Savages, Ted says, When was this?

Just now, the woman says.

I try to think who would do something like that, but the conversation goes on.

What happened to your pants? the woman says.

My pants? Ted says.

Did you wash them with wine or something?

Picture Ted in his dark purple pants, the one he's so proud of he went on about them for a week, explaining everyone in the office how he'd gotten a great deal on them in his trip to Italy. They are the latest over there, he'd said.

Yeah, my wife screwed up, Ted says.

A beeping sound. Then hands running over clothing.

Look, I gotta run, says the woman. See you at the meeting at eight.

Okay, Ted says, and I can see his fake smile at full volume.

The door opens, then closes. I wait.

And wait.

The door opens and closes again.

I still wait.

The door opens once more, and this time I raise my feet again. I can imagine Ted crouching next to it, double checking.

The door closes.

Feet go back to the floor and they stay there, still, but my head is spinning. Maybe I shouldn't pack.

Maybe I should just get my hands on a large supply of ketchup.

As I walk to my manager's office, I notice that few people have come back from lunch. Another floor with too much silence. But this one is my floor. Who would have thought that I would miss all those annoying office noises?

Next to Ted's office is the big surprise, an empty cubicle. All its contents have been packaged and stacked, just like Sally's cubicle and the others. It seems as if a strange virus is spreading through the building, or as if we are under attack by some invisible enemy that makes people disappear and wraps everything else in transparent plastic.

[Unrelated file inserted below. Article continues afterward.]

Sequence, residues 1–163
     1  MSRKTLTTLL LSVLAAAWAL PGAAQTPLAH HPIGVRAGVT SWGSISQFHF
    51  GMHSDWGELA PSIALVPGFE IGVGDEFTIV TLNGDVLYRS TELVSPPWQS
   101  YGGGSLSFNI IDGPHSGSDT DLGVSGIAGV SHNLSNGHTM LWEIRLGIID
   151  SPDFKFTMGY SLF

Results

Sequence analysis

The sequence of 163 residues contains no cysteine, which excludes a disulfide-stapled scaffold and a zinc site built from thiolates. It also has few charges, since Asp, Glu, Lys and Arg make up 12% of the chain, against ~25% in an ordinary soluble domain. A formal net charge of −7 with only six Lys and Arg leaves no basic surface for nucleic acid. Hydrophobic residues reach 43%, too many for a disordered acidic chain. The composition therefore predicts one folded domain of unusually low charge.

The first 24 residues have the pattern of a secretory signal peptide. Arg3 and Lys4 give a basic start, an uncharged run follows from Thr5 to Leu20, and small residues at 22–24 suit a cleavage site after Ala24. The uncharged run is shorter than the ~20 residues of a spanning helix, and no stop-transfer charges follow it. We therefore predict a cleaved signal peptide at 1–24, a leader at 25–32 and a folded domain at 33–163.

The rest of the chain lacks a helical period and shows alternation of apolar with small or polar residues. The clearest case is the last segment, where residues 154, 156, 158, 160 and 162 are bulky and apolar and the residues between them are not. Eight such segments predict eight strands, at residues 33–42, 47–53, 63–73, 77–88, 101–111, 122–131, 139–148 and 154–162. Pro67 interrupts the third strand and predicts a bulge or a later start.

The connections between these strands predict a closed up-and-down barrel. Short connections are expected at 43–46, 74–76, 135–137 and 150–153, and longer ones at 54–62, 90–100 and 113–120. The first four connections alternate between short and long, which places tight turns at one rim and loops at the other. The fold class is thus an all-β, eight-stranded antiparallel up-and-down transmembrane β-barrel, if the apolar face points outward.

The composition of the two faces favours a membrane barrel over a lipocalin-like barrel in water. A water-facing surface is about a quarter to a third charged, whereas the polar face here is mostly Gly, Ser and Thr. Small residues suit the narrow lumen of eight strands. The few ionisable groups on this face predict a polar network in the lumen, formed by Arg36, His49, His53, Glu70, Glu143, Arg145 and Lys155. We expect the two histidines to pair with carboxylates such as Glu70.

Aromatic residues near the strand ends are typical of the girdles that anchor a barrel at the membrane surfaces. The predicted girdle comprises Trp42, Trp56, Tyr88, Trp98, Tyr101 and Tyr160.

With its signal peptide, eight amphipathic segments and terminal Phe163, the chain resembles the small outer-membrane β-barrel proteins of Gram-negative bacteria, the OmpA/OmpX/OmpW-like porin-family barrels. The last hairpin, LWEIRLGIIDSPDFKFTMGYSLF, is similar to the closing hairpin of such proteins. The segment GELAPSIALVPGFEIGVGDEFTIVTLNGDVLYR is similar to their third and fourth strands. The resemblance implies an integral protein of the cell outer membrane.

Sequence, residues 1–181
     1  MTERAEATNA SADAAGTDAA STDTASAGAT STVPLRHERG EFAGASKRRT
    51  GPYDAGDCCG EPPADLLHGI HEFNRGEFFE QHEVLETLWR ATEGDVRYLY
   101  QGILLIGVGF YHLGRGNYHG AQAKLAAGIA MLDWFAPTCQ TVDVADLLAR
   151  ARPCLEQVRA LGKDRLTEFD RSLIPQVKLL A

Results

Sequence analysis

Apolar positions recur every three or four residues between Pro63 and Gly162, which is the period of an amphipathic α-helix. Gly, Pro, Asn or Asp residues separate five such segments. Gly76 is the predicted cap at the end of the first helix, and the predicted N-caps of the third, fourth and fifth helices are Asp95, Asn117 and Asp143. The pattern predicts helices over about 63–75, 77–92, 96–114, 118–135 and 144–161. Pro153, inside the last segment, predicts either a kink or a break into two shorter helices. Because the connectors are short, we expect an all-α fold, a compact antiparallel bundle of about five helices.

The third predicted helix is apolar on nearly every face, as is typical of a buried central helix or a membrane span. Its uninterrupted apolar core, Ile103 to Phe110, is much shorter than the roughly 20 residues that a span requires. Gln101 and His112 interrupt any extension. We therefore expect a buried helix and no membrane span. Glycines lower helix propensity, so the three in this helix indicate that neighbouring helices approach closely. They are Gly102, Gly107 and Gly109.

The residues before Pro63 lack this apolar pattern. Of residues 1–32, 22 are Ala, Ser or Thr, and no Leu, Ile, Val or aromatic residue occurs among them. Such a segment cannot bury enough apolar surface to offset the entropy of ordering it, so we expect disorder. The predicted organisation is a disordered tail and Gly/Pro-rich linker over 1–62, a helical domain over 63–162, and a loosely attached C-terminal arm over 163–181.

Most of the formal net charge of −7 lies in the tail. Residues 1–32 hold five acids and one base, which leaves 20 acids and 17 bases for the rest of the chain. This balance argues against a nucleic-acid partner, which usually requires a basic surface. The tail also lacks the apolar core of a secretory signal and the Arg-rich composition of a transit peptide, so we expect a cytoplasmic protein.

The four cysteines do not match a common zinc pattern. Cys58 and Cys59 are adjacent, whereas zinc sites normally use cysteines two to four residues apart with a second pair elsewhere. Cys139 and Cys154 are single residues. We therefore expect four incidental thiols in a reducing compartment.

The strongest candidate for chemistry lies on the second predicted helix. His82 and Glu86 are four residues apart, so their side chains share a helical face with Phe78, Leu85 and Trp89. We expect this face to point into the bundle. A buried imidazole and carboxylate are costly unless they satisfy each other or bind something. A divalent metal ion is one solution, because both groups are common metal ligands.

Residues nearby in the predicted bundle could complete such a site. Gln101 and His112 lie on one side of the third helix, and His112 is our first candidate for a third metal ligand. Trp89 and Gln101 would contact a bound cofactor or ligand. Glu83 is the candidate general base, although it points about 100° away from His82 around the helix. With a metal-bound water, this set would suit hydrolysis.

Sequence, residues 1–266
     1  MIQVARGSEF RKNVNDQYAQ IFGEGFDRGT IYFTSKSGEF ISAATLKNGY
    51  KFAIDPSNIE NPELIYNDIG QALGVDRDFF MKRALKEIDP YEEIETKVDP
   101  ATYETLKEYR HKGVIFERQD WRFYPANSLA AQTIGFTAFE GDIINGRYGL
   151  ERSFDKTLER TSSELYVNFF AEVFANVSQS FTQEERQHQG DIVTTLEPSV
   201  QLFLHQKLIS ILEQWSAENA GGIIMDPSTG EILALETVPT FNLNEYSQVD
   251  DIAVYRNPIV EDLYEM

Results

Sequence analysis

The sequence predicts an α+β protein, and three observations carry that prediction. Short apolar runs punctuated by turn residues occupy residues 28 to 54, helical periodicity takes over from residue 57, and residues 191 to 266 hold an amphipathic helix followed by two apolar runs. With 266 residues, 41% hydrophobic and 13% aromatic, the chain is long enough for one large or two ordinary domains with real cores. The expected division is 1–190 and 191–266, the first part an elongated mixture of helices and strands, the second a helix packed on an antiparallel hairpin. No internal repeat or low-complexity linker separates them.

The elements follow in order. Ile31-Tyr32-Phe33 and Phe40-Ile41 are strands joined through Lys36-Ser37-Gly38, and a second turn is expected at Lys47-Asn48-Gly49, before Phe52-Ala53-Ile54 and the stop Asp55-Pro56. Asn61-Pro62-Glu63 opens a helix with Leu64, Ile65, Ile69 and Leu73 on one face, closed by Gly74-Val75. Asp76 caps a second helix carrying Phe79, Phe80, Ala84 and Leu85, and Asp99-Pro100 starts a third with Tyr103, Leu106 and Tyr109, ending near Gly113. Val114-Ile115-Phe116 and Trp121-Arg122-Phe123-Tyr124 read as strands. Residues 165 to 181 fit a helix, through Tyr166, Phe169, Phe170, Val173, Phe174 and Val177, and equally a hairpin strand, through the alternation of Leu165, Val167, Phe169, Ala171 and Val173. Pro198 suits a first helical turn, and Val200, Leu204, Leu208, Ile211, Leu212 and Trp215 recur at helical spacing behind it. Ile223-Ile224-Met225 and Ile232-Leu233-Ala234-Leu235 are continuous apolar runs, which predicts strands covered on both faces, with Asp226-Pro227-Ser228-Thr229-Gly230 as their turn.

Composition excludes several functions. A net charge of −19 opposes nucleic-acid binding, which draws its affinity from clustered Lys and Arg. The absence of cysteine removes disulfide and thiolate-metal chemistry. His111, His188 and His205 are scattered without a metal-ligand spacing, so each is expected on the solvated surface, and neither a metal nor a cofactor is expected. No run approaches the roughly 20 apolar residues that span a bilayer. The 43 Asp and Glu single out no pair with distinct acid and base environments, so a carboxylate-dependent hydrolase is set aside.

I look at the empty chair and try to remember. Who worked here? A woman. What was her name? Have they relocated her from my mind too? What did she do?

My trip down memory lane is suddenly interrupted by Ted walking out of his cubicle.

Hey! he says, Finished with those memos?

Yeah, I say, No problem.

Good, he says.

You know, I say, I have a question for you.

Shoot, he says.

Damn. I left my .357 at home.

What's happening? I say.

He scratches an eyebrow, then says, With what? Happening?

All the empty floors, cubicles with no people. Everything packed up. Reorgs.

Empty cubicles? he says.

I take one step back and point at the empty cubicle next to his.

Oh, that, Ted says.

Yeah, that.

You'll be at the meeting this afternoon, right? he says.


Great, he says, You'll find out then! Excuse me.

And with that, he leaves.

Confrontation didn't work. He didn't know, or he didn't want to tell me. Who might know about this?

A metallic sound growing in the distance brings the answer. Don Cicce.

Don Cicce is the man responsible for nourishing the caffeine addiction of the executive ranks of the company. He travels from floor to floor delivering the goods. Coffee made with imported beans, pastries and sandwiches that are so good he has to cover them to prevent a wave of heart attacks as he pushes the clanking metal cart with its precious cargo. Rumor has it, he even has M&Ms. For the CEO, you know.

And now he is approaching me, whistling a happy tune as usual, pushing the cart along. If he doesn't know what's happening, no one does.

Don Cicce! I say.

Bambino! he says, raising his arms. One day I will find out what bambino means. I'd bet it's an insult.

Hey, I say, I wanted to ask you something.

You want some coffee, yes? he says in his inimitable Italian accent, hands already moving to pick up a cup.

No, no, I say, Just a question. Do you know why so many floors are empty? The people gone?

Ah, the ree-org, he says, Nobody knows. They are-a moving to a new building.

And you don't know where, I say.

No, niente, but I am-a working extra tonight, he says.

Thanks, I say, and I pat him on the back. He leaves, and as he walks past me he starts whistling again. A happy soul.

They are moving the entire company? It seems the meeting today is not going to be a happy one. Not that I didn't expect a layoff or two. But future layoffs, not everyone laid off today... and Ted is so relaxed...


I wonder, should I start packing?